How to Safely Update Your Apple Devices

The release of iOS 10 didn’t exactly go smoothly.

Many iOS users found their devices bricked – after installing the update they were stuck asking to be connected to iTunes. iTunes would only replace the OS, wiping out all data on the device – and even that wouldn’t succeed.

If you only use an iPhone for phone calls and don’t use a lot of apps or media with it then you can probably skip this and throw caution to the wind. Otherwise it helps to be aware of best update practices and what they can and can’t protect you from.

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Please Don’t Get Off My Lawn: Abundance, Scarcity and Problem Solving

This isn’t a “get off my lawn you kids!” story. If anything, it’s the opposite.

During my early days in the computer industry we lived in a severely resource constrained world.

The old days: scarcity

I learned to program in 1978 on a TRS-80 – a computer with a 1.77MHz 8 bit CPU and 4KB of RAM. Just imagine trying to do anything in 4KB of RAM today. Imagine trying to get anything done with less than 2 million instructions per second. And for persistent storage… it wasn’t just that it was small and slow, it was a cassette tape and you were lucky if you could even read back your program at all.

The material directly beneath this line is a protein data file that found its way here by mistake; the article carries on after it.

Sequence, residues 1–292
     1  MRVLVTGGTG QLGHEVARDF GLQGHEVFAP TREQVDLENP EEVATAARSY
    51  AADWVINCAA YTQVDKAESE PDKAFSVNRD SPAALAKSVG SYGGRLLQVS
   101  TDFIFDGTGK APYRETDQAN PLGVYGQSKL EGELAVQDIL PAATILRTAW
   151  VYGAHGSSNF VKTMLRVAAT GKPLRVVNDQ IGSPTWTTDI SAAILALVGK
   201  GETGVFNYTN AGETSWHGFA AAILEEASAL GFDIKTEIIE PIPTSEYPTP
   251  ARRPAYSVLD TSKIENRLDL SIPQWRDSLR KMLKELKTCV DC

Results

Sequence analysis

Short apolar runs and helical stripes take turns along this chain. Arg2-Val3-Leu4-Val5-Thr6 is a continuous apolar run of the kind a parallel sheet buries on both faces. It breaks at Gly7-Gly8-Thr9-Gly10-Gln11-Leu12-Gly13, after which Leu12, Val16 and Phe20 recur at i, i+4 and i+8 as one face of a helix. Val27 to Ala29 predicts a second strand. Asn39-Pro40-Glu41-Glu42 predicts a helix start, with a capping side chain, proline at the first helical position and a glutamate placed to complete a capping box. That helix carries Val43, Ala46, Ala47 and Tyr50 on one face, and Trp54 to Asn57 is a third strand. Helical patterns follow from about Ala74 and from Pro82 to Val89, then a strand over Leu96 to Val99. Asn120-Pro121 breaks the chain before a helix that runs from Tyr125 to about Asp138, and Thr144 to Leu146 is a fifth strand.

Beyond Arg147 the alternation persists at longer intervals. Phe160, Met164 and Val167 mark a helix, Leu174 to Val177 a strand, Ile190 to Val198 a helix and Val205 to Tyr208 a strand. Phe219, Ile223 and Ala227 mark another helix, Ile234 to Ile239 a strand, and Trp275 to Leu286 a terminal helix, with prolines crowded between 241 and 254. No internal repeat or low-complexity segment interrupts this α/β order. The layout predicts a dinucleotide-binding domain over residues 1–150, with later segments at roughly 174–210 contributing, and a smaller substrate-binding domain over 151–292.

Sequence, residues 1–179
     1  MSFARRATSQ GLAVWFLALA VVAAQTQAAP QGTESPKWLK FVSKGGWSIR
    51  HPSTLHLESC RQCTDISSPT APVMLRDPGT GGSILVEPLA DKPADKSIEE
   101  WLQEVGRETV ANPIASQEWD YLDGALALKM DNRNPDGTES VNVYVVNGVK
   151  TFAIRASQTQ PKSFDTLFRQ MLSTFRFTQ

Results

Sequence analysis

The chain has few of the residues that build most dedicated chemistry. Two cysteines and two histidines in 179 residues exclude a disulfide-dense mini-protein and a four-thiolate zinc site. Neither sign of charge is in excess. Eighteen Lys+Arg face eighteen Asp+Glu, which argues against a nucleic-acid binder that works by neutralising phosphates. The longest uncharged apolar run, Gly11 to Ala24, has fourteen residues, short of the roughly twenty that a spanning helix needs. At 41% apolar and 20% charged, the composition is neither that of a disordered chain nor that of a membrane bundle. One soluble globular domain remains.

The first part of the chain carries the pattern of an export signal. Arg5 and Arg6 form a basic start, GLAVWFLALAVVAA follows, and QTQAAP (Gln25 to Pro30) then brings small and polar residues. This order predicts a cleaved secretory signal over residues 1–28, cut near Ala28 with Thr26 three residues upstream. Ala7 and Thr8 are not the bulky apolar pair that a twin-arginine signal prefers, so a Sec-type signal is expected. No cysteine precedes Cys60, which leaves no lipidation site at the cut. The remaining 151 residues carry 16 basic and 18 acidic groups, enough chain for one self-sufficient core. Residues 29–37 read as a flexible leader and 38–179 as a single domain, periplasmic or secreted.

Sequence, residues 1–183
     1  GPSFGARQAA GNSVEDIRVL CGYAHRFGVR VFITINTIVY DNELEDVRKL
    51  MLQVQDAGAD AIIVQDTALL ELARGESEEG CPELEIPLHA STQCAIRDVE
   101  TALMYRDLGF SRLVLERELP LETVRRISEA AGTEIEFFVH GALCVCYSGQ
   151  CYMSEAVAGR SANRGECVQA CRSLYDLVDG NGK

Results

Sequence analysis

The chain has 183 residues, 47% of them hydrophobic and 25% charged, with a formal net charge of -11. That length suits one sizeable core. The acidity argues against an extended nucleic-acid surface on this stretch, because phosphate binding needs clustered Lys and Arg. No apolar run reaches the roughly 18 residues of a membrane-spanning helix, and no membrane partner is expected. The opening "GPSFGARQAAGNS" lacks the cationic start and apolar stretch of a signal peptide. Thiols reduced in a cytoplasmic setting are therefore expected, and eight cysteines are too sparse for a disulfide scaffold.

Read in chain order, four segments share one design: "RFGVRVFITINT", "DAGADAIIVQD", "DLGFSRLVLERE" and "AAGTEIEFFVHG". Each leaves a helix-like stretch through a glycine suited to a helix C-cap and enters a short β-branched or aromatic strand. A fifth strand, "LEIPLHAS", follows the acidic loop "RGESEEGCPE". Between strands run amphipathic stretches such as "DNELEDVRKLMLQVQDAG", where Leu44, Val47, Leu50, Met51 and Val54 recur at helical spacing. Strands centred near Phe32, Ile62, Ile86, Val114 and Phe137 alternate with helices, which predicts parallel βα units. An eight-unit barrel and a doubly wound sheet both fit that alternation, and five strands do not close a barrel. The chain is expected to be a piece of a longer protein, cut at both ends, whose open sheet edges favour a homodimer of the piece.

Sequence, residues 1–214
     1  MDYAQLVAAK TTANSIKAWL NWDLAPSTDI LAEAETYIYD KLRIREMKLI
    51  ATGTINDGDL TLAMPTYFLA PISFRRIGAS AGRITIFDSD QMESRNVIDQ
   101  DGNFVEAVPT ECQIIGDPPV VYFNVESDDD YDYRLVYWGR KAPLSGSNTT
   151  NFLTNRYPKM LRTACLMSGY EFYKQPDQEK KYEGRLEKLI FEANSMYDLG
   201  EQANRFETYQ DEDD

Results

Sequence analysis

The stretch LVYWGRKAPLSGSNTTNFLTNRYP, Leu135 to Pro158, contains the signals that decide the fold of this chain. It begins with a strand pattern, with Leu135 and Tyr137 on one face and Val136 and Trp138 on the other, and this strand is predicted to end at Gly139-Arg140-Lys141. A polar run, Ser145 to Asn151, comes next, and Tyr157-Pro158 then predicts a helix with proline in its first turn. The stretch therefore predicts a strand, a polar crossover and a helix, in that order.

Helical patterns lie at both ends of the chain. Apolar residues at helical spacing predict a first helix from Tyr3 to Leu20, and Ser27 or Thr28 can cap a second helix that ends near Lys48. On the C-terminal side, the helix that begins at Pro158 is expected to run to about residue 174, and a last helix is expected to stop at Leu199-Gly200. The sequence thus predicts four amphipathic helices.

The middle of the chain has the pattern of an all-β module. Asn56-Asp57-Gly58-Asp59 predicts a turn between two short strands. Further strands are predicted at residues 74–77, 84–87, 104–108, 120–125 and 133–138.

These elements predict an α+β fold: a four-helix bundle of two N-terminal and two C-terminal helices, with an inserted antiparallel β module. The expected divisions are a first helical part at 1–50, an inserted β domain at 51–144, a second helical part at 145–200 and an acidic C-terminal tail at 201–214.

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SMS two factor authentication

Two Factor Authentication, SMS and NIST

How many movies and TV shows have you seen where asks somebody else about a secret that they share? If they give the right answer, their identity is confirmed. If they don’t, they’re an imposter, an alien from Planet X in disguise.

Shared secrets are the basis of authentication in computer security. And two shared secrets – two factor – are even better than one, especially when the first is a password that many people have difficulty managing in a secure way. This is what we’re doing when we use both a password and a code that’s texted to us. And this week, we got told to stop using text messages for the second secret.

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Stream: A Black Box for WordPress Security

You’re searching your blog for spam for the fourth time in the last few days. Not only can’t you figure out how the spammer keeps getting in, you also can’t figure out what they’re trying to sell with the mangled English in their posts… hand bags? sports drinks? Something with too many consonants and not enough vowels?

If only your web site had some kind of “black box” so that you could find out what they’re doing to post the spam.

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Pokémon NO – Oh Hai All My Google Information

Pokémon GoPokémon Go has been all over my newsfeed today. I tried it over the weekend and found it oddly compelling – the mix of the real world, accentuated by the Pokémon world layered on top of it – makes me want to walk a few blocks to check out what’s there.

The app uses a common shortcut to identify users – logging in via Google. When you do this you grant access to your Google account. Most apps ask for just the access they need – “basic access” is common – this grants the app your name, email address, gender and country without giving it access to your files, photos, email, location history and all the other stuff that Google knows about your life.

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